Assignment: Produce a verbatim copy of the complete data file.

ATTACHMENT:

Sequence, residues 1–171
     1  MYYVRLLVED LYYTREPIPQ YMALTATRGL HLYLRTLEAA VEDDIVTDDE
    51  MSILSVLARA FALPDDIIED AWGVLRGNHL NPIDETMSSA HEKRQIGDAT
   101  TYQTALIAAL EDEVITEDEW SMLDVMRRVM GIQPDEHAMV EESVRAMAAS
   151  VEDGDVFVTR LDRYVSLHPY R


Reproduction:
Sequence, residues 1–171
     1  MYYVRLLVED LYYTREPIPQ YMALTATRGL HLYLRTLEAA VEDDIVTDDE
    51  MSILSVLARA FALPDDIIED AWGVLRGNHL NPIDETMSSA HEKRQIGDAT
   101  TYQTALIAAL EDEVITEDEW SMLDVMRRVM GIQPDEHAMV EESVRAMAAS
   151  VEDGDVFVTR LDRYVSLHPY R